Uncertainty tends to be unsettling. A lust for that itself seems quite uncommon. It may be praised in some circumstances, as it is in science, if by uncertainty we mean skepticism, or as it is praised temporarily when someone is attempting to overturn dogma, the certainty or power of others. (This even drives the motion of science.) Still, I don’t think a lust for uncertainty is overtaking desire for certainty at large.

    I think we just accept uncertainty as part of life, like death, and hope that in some way it is ultimately overcome. I think of Yeats poem, The Second Coming.

    November 7, 2011
    • I think you’re right—uncertainty is often experienced as unsettling, destabilizing, etc. For that reason alone, it’s probably not likely to overtake a “lust” for certainty anytime soon. It’s interesting how desires for both certainty and uncertainty so frequently mask what is, at its root, a desire for power. How very human of us.

      I think we just accept uncertainty as part of life, like death, and hope that in some way it is ultimately overcome.

      Yes. Well said.

      November 7, 2011
  5. Dorothee #

    Maybe considering ‘truth at any given time’ is not the same than ‘truth once and for all’. My experience thas been that many of the ‘truths’ of my childhood and early adulthood I don’t consider truth anymore. In this process I have become less forcefull about my opinions / convictions in other matters, The things that I have had a chance to reevalue (though they might only be truth to me at this time or even have allowed me to doubt the truth that does’nt quite make sense anymore) have made me a bigger and more authentic person. I would not want to trade back to ‘just knowing (as I thought) the truth’.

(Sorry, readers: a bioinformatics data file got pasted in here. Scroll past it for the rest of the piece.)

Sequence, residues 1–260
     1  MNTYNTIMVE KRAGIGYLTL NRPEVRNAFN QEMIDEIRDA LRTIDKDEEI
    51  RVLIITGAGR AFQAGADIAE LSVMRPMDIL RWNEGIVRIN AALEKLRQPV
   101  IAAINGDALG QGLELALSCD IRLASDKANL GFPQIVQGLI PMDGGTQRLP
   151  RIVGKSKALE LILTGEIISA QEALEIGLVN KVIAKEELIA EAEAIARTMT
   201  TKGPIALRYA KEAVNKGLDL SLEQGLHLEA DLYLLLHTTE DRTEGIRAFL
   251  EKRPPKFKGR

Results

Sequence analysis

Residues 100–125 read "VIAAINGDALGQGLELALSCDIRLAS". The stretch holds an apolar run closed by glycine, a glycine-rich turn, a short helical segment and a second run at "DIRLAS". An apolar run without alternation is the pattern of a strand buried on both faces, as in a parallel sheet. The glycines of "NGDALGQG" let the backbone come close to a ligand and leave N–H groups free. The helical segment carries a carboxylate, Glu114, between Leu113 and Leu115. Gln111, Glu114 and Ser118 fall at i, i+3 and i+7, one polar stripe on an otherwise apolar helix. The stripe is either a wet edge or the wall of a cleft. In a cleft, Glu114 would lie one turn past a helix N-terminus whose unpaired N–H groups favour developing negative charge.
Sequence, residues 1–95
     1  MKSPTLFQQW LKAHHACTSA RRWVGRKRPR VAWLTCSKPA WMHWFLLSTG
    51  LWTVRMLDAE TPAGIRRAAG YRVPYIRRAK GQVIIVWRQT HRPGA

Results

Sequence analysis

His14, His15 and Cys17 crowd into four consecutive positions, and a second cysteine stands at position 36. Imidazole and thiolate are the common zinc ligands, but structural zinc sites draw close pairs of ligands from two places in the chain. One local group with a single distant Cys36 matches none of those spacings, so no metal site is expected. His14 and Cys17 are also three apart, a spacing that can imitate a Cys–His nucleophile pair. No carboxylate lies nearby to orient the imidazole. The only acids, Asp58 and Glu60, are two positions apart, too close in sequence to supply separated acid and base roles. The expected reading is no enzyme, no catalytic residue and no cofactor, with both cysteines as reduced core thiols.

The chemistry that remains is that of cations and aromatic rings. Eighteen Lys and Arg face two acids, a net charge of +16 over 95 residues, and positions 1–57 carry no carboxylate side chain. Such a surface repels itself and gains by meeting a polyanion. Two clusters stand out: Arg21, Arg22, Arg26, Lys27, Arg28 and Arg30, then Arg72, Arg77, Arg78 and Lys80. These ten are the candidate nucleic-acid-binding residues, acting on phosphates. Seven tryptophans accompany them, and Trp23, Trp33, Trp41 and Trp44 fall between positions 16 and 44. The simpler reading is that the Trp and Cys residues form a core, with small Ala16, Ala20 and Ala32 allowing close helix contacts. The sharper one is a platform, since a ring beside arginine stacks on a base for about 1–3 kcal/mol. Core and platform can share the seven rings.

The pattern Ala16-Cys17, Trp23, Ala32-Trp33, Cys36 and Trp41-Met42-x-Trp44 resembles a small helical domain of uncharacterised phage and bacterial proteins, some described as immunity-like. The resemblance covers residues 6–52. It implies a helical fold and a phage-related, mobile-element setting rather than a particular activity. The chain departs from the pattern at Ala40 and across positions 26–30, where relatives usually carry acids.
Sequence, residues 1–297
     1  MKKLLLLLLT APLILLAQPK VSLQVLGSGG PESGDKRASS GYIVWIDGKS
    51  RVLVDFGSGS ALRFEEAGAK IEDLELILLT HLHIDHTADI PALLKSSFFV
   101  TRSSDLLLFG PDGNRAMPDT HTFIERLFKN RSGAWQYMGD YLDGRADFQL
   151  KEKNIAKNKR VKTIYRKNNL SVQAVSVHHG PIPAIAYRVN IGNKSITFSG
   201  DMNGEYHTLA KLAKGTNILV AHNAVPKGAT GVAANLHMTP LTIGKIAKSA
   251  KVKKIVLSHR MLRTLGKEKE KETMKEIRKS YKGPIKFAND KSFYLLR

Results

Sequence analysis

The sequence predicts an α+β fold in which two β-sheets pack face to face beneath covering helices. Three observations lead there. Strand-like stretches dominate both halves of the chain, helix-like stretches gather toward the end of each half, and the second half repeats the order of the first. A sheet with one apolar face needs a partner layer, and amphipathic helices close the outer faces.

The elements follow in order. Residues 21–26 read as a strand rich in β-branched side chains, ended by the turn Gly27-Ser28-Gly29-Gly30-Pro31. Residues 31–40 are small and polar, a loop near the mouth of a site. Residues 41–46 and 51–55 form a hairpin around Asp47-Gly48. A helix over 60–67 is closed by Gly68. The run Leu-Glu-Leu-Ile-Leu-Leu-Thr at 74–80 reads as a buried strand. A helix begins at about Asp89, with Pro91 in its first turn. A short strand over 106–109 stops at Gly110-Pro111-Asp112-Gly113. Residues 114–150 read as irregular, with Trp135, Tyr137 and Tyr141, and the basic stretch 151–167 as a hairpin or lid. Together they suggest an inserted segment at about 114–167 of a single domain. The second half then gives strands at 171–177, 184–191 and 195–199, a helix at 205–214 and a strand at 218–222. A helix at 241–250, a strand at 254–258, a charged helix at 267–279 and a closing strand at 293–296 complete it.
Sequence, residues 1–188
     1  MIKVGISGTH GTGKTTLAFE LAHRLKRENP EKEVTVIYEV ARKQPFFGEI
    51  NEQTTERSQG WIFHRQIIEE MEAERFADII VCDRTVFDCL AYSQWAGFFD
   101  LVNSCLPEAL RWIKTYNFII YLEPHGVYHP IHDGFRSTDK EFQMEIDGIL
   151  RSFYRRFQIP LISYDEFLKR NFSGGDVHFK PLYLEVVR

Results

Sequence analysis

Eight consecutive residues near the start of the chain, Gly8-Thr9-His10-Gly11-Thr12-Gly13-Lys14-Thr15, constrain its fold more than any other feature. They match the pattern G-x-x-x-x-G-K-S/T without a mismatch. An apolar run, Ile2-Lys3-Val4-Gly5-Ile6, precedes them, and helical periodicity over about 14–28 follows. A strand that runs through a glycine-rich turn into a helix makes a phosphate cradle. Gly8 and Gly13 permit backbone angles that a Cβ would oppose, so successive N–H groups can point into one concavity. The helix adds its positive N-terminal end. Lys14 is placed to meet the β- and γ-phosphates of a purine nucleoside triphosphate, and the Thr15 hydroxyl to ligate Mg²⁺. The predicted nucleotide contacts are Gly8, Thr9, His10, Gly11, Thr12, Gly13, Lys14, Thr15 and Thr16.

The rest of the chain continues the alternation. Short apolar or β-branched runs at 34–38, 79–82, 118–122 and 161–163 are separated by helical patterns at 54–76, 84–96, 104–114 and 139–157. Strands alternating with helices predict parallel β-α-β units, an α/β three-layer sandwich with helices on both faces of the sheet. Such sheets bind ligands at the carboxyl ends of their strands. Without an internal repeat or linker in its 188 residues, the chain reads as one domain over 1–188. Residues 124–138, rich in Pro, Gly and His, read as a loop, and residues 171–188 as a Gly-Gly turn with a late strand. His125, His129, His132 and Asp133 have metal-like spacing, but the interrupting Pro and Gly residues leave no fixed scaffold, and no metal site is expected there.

November 12, 2011
    • I think your comment speaks to the importance of having a conception of “truth” as something to grow into, rather than a fixed, static body of knowledge that one simply acquires and then preserves. I know that the older I get and the more I learn, the more I realize how little I actually do know but, as you say, I think this is part of what it means to grow as a human being.

      Thanks, Dorothee.

      November 13, 2011